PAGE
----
It’s very painful and I see it all the time. I don’t judge people, because they come to see me. They’re ready for divorce. I take them through the process. But some of the anger–and I’ll give you good example. Let’s say there’s an African American woman who is age 45 and the couple divorced a year or two ago. They have three children; two are teenagers. And now dad is relegated to seeing the children every other weekend, four days a month and mom basically has them the other 26 days.
Two of them are teenagers; they have bad attitudes that go with adolescence. Now, dad all of a sudden, he moves on, he has found someone else who’s 28 years old. She likes his maturity level and he knows how to handle himself. He knows how to handle money. He’s doing pretty good for himself.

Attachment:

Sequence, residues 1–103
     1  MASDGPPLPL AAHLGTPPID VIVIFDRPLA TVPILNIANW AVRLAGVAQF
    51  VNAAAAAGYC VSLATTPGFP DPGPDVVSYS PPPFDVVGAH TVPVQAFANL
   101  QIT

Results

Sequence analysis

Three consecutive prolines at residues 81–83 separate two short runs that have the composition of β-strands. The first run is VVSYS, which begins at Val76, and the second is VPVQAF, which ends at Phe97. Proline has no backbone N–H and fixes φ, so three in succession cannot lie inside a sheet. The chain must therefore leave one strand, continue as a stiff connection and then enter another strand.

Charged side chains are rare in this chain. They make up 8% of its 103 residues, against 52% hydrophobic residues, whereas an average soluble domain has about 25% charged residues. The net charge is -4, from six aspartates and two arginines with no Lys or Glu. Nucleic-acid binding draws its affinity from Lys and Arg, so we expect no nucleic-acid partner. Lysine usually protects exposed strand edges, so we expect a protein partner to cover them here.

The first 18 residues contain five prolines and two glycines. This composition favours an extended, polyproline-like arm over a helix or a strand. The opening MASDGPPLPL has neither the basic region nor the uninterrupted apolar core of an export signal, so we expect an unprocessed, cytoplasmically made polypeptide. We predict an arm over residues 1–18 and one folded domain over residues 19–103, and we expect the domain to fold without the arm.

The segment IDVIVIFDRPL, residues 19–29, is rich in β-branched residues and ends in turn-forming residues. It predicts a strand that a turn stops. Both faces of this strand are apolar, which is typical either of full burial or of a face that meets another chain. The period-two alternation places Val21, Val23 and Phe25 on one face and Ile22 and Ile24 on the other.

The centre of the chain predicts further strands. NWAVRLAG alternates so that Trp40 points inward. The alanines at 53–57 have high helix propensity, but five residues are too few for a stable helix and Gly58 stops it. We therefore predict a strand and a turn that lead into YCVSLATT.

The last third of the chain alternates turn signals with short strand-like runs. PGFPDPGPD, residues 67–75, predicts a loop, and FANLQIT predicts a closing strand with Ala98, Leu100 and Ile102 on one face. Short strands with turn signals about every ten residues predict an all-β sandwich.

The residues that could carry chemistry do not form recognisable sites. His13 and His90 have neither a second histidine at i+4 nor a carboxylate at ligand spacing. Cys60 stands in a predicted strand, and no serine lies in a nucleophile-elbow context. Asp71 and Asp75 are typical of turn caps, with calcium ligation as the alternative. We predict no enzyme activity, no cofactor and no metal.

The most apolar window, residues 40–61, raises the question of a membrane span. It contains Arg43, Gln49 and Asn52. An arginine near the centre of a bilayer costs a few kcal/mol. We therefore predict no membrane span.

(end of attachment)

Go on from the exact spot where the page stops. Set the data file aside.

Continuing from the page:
Mom on the other hand, because of certain issues, she’s no longer the cheerleader type and gravity has set in. She’s gained a few pounds. Now, do you think it’s going to be as easy for her to invite some gentleman into her life, considering that she has two teenager daughters? How does she handle this and might she be a bit angry?
Frank: I got answers for all of that.
Lester: Does she have a right to be?
Frank: You pick one of those questions and I’m happy to jump in.
Lester: Take a shot at it.
Frank: Does she have a reason to be angry or right to be angry?
Frank: The first to say, anybody has a right to be angry about anything. However, I don’t think it’s productive. And on top of that, who you going to be angry at, because gravity set in, because you put on a couple pounds? I mean, you’re going to be angry at the husband or God? Your husband didn’t do it, you having children was some form of an agreement between the two of you all and you just happen to be the one that bear the children. It’s not his fault.